Stage stuffers
Holiday show bursts with snappy mini-plays, a few sourballs
LAWSON TAITTE Theater Critic  
Published: December 7, 2001A 10-minute play needs a strong idea. A useful gimmick can be even better - but gimmicks can backfire.

Ground Zero Theater Company opened another showcase for area playwrights, "Christmas at Ground Zero," Thursday at the Bath House Cultural Center. The 10 short pieces, all on holiday themes, maintained a high standard - but some of the most memorable ones grew out of the most striking premises.

James Venhaus' The First Christmas, for instance, depicts former spouses decorating Christmas trees in their separate new digs. A single fir stands in for both as the man and woman decorate in their own fashions and complain about the other to an invisible friend. The symmetry keeps the play crisp and tight.

Minor Revelation at first seems gimmicky in a bad way. A first-century prophet is having very negative visions of a creature who sounds very like Santa Claus. But Reg Platt's piece turns out to be reverent in a backhanded kind of way and very, very clever.

You can have too few gimmicks, or too many. The lack of a strong idea undermines Jim Tyler Anderson's Iggy & Louis, a vignette about two homeless people. You can't redo The Lower Depths in 10 minutes.

Max Langert's Unwrapped, about a pair of gift-wrappers in a busted relationship, never quite lets us onto to its premise. Alfred Hitchcock would have called the object of such a wild goose chase a McGuffin.

Vicki Caroline Cheatwood's After Lunch, the only piece commissioned specifically for the program, has two gimmicks, neither effective. It was natural for a company named Ground Zero to want a piece dealing with the aftermath of the terrorist attacks this year, but this one doesn't work.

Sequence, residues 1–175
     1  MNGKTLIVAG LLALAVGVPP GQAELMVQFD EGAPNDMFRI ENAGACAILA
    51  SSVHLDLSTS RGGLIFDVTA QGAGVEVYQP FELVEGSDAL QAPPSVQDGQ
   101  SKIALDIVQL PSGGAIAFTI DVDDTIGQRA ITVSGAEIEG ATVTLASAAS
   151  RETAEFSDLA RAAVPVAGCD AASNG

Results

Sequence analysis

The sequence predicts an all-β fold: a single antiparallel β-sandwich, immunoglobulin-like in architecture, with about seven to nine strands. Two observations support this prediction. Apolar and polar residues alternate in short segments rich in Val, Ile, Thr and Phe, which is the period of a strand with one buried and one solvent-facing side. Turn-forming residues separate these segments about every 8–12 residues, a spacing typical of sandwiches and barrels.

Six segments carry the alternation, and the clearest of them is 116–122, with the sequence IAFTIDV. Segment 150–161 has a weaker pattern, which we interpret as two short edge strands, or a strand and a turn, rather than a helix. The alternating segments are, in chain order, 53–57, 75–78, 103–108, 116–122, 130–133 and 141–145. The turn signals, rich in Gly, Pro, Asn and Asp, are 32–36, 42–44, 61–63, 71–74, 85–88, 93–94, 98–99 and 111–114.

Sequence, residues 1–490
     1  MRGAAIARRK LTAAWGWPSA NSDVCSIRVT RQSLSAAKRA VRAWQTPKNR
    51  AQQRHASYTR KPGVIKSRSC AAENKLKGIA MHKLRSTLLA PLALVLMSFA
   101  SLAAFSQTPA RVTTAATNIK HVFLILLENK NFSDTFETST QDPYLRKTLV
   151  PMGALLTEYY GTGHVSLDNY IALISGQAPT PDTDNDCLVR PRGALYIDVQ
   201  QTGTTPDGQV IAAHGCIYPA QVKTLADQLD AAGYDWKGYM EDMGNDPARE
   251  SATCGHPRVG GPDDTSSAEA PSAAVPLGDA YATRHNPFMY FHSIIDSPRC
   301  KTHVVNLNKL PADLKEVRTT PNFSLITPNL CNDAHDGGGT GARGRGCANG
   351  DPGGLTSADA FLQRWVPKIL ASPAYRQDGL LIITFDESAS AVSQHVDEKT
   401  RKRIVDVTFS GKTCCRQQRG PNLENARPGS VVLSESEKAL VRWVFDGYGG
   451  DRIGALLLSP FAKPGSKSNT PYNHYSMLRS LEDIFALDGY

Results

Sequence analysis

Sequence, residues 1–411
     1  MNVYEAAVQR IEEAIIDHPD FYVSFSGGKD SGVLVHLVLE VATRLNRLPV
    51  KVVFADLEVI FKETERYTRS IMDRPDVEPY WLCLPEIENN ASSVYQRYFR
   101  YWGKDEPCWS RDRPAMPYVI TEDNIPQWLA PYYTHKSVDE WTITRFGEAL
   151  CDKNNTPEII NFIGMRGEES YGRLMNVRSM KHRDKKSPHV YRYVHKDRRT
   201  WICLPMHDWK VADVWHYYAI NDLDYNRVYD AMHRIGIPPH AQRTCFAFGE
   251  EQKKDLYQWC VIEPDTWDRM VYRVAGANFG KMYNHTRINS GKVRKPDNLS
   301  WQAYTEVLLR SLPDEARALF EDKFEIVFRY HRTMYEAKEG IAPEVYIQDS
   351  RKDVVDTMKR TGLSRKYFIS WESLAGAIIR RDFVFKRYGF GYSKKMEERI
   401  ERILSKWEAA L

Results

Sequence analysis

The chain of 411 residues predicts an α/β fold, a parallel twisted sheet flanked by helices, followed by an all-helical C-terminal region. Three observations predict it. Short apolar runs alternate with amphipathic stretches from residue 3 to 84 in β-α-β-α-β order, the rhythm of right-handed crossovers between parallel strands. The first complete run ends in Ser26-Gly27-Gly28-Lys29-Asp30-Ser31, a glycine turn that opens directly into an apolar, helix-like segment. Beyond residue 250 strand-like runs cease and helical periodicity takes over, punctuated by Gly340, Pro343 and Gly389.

A couple of the short plays manage to transcend their rigorous time limitations. David Gunderson's Gift Boxing packages a fine-grained study of three wealthy Dallas women very neatly.

Erik B. Knapp's Wonderful Life has an idea strong enough to be called a gimmick, as well as a couple of unexpected revelations. But it's really more about character and emotion. An elderly man is watching the classic Frank Capra movie in an old theater - with a bomb attached to his belt. A surprisingly sympathetic police negotiator forges a real bond with him in his attempts to talk the old man down. Chapman Locke and Jeff Fenter turn in wonderfully subtle performances here. But then director Cynthia Hestand's nine performers all have chances to shine.

"Christmas at Ground Zero: 2001," presented by Ground Zero Theater Company at the Bath House Cultural Center, 521 E. Lawther Drive at Northcliff, Thursdays through Saturdays through Dec. 22, with an additional performance Wednesday, Dec. 12. Tickets $10 to $12. Call 214-943-5120 or go to www.groundzerotheater.org.

PHOTO(S): (VERNON BRYANT/Staff Photographer)

Carolyn Wickwire and Chapman Locke are a pair of homeless people in Iggy & Louis, one of the 10-minute plays in "Christmas at Ground Zero" at the Bath House Cultural Center.

Copyright 2001 The Dallas Morning News